Annie Sloan Chalk Paint Vs. Americana Decor Chalky Finish Paint – A Comparison

Annie Sloan Chalk Paint Vs. Americana Decor Chalky Finish Paint

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Have you seen this? It’s a relatively new line of chalk paint and waxes from Deco Art, called Americana Decor Chalky Finish paint, and I just finished painting the cutest set of nesting tables with it.

ASPC Vs. Americana Decor chalk paint

I know I’m probably a little bit late to the game, but can I just say; I’m soooooo excited to have this easier-to-access alternative to the Annie Sloan Chalk Paint and the other boutique brand chalk paints.  And, while I’m certainly not an expert on Annie Sloan Chalk Paint, I am a huge fan and I think I’ve used it enough to make a fairly good comparison between it and the Americana Decor brand.  I had been eyeing this paint at my local Home Depot for at least a couple of months, but I couldn’t justify buying it when I still had quite a bit of ASCP sitting at home, along with a couple of unfinished projects awaiting a paint job.

ASCP vs. Americana Decor chalk paint

But the day finally came when, right before starting on these nesting tables, I realized I didn’t have enough ASCP to finish them all.  My nearest stockist is a 20 minute drive away, and not open on Sundays (which is the day motivation struck).  What’s a girl to do?  My mind immediately went back to the Americana Decor paint and even though I was skeptical, I figured it was worth a try.  I changed out of my ragedy sweat pants and headed to the nearest Home Depot (only 5 minutes away, and open every day of the week).  When I arrived, the display was in the midst of being changed out, so the usual paint selection was pretty depleted.  There were only a couple of colors left on the shelf that appealed to me, so I did eenie, meenie, miney, moe and ended up with Everlasting, which is almost a dead-ringer for ASCP Pure White.  At only $8.48 for 8 ounces, I also grabbed a container of the clear paste wax, and headed for home, happy that I only spent a fraction of the price I would have spent on ASPC.

ASCP vs. Americana chalk paint

Yes, it’s true that when you break it down ($39.95 = 1 quart ASCP ) x ($33.92 = 1 quart Americana), it’s only $6.03 cents difference in price, but that almost buys another 8oz. of Americana paint!  I also love that I am not limited to buying either the large quart sized can, or the teeny-tiny sample pot of paint of ASCP, which is ridiculously expensive, per ounce.  If I only have 10 bucks to spend – which is usually the case – then I can purchase enough paint to finish my whole project, and a few more projects.  So do you want to know what I think, now that I’ve used the Americana Decor Chalky Finish Paint?  How does it compare to Annie Sloan Chalk Paint? Well, let me tell you what I think …

Once I was back at home, and changed back into my sweat pants, I set to work on my tables.  I love that the lids on the Americana paint are screw-top, meaning I didn’t have to hunt down my lid-topper-popper, or a flat head screwdriver to open my paint.  The consistency of this paint is a little bit thicker than the ASPC, but it’s still creamy and goes on like butter.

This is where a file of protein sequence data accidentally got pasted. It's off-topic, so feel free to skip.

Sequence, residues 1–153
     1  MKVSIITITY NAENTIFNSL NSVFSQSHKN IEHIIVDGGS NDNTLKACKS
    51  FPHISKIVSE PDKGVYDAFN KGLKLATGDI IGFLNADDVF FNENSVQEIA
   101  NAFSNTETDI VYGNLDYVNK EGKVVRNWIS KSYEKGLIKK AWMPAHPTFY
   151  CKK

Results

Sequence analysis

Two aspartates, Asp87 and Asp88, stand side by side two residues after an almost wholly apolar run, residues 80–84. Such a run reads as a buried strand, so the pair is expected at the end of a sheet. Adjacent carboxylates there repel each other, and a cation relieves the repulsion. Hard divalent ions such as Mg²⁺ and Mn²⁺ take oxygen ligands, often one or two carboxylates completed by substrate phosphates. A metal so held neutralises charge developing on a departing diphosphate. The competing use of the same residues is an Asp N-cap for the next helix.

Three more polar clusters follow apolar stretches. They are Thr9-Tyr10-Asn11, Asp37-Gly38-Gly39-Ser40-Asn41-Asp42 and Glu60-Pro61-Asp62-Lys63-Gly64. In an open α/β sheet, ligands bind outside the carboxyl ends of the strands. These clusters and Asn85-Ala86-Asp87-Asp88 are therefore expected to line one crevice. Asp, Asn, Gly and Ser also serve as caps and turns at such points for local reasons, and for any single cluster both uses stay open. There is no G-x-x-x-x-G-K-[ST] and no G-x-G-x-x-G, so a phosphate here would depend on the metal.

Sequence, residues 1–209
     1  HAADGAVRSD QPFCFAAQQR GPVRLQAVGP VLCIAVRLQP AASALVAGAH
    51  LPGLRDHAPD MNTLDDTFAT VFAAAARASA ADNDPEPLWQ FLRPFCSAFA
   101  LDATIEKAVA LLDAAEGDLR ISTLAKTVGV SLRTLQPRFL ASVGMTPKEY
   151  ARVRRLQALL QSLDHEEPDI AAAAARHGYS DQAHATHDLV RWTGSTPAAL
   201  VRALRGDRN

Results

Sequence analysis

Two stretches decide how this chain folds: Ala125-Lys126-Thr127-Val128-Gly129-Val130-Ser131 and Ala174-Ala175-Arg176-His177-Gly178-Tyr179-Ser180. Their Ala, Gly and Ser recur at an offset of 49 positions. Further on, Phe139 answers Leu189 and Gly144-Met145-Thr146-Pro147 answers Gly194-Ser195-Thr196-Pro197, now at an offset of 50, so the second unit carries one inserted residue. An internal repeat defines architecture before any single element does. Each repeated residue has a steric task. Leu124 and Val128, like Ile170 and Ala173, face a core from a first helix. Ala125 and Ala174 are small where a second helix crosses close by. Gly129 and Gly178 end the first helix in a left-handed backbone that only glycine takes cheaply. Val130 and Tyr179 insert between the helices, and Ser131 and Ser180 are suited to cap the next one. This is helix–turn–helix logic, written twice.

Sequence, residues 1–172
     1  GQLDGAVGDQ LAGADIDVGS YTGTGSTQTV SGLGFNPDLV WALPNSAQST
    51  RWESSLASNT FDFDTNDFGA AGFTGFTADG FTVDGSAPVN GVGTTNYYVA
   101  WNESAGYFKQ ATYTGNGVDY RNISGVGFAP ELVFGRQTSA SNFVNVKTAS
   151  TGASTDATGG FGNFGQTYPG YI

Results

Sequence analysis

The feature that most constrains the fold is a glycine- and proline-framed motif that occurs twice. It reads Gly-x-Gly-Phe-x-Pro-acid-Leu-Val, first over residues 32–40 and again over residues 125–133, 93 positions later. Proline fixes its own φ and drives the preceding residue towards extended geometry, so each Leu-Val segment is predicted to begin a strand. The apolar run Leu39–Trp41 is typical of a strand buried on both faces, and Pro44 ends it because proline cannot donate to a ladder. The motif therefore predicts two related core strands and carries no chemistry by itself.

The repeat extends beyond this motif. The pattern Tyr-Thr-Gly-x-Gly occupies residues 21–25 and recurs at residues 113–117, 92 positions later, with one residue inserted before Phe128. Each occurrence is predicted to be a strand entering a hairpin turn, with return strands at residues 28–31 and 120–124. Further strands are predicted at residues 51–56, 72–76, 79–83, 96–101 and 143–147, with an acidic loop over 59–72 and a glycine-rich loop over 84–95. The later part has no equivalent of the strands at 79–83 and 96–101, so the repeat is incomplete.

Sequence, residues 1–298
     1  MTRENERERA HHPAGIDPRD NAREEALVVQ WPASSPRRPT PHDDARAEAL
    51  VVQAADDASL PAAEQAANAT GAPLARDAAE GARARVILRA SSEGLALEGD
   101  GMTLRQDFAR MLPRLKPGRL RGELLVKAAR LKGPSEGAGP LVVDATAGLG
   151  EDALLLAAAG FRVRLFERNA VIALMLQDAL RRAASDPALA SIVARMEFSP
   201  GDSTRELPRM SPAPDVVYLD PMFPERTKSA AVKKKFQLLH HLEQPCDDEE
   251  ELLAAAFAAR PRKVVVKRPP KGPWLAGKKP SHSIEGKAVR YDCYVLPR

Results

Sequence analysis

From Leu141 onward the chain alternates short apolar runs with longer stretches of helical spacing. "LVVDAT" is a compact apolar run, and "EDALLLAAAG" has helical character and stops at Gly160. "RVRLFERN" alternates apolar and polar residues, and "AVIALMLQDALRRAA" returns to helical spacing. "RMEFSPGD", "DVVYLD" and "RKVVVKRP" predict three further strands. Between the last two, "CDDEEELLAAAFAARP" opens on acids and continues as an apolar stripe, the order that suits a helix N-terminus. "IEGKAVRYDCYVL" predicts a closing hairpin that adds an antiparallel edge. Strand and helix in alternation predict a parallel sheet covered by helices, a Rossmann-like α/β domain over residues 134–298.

ASPC vs. Americana chalk paint

My wood was pretty dark to begin with and I wanted good coverage, so I knew I would have to paint at least two coats.  I was a bit sad though, when two still wasn’t enough and I had to do yet a third coat.  In all fairness, because the color is almost an exact match for ASCP Pure White, I painted out the smallest tabletop in the bit of ASCP I had left, to compare  coverage.  I ended up doing three coats of paint with ASCP, as well.  I would say both paints offer the same amount/quality of coverage.  One thing I didn’t care for about the Americana paint – it seemed to show fairly prominent brush strokes, even once dry.

ASPC vs. Americana chalk paint

In comparison, ASCP seems to self-level a bit as it dries, leaving very few brush marks.  I ended up taking some fine grit sandpaper and sanding out some of the more noticeable brush marks, which kind of defeats the whole purpose of using chalk paint – little to no prep, including sanding.  The brush strokes actually worked to my benefit on this project, as I later used an antiquing glaze which ended up settling into the brushstrokes, helping create the aged look I was after; but if you are looking for a smooth finish, this would be a problem.  On the second coat of paint I added a little bit of water to the Americana paint and that seemed to help reduce the brush marks.

I did notice while sanding that the Americana paint produced considerably less “dust” than the ASCP usually does, which is a plus, in my book!  Applying a thin coat of wax before sanding cuts down considerably on the amount of dust produced, but I don’t like “gumming up” my sandpaper with gobs of wax and/or wasting product, so I always sand before waxing.

Once my tables were sanded, it was time to move onto waxing.  Although I like the ASCP wax, I still don’t feel like I’ve quite mastered the application technique.  In comparison, the Americana wax is actually a liquid and although I thought it might be too messy, this was not the case.  I loved using this wax!  I started out using a regular ole’ paint brush to apply the wax, then going back over my piece with a rag to wipe off the excess, but I soon found that this was not necessary.  I felt like I had better control using the rag for application (learn from my mistake and make sure you use gloves).

ASPC vs. Americana chalk paint

The wax wiped on perfectly, leaving just enough drying time to get the coverage just right.  I buffed out a small spot, just to see how easy the buffing portion went, and I must say, it was much easier to buff to a shine than the ASPC wax.  However, I didn’t want a shiny look for these tables, so I re-applied wax to the shiny area, and let all of the wax dry to a matte finish.

I could have stopped there, but I decided the tables needed a little something extra so I used some antiquing glaze to really make the curves on these pieces pop.  I didn’t have any ASCP dark wax on hand, and the Home Depot didn’t have any Americana dark wax in stock, so I used a glazing medium that I already had in my stash.

ASPC vs. Americana chalk paint

The glaze went on well over the clear wax, allowing me to work the glaze into all of those nooks and crannies.  Like I mentioned earlier, this is where those brush strokes came in handy.  The glaze settled into the brush strokes and really added to the look I was going for.  Any excess came off well with a few swipes from a damp rag.  (Note:  for this particular glaze, it is important to apply the glaze only after applying the clear wax otherwise it will soak into the chalk paint and you will not be able to “work” the glaze).

ASPC vs. Americana chalk paint

ASPC vs. Americana chalk paint

Once I had the pieces antiqued to my liking, I applied one more coat of the clear wax, to seal and protect the glaze, and my tables were finished!